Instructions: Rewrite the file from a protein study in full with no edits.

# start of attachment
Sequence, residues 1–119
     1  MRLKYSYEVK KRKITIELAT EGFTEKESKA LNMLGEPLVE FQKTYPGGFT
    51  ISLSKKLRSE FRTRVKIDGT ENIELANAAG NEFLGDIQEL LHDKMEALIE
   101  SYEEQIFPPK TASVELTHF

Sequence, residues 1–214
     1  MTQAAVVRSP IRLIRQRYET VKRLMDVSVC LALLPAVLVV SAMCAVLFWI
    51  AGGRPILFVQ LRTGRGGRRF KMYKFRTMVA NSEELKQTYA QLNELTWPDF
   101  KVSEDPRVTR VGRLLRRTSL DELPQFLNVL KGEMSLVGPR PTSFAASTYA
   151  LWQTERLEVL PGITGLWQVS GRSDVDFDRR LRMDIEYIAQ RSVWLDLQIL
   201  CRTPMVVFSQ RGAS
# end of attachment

Sequence, residues 1–119
     1  MRLKYSYEVK KRKITIELAT EGFTEKESKA LNMLGEPLVE FQKTYPGGFT
    51  ISLSKKLRSE FRTRVKIDGT ENIELANAAG NEFLGDIQEL LHDKMEALIE
   101  SYEEQIFPPK TASVELTHF

Sequence, residues 1–214
     1  MTQAAVVRSP IRLIRQRYET VKRLMDVSVC LALLPAVLVV SAMCAVLFWI
    51  AGGRPILFVQ LRTGRGGRRF KMYKFRTMVA NSEELKQTYA QLNELTWPDF
   101  KVSEDPRVTR VGRLLRRTSL DELPQFLNVL KGEMSLVGPR PTSFAASTYA
   151  LWQTERLEVL PGITGLWQVS GRSDVDFDRR LRMDIEYIAQ RSVWLDLQIL
   201  CRTPMVVFSQ RGAS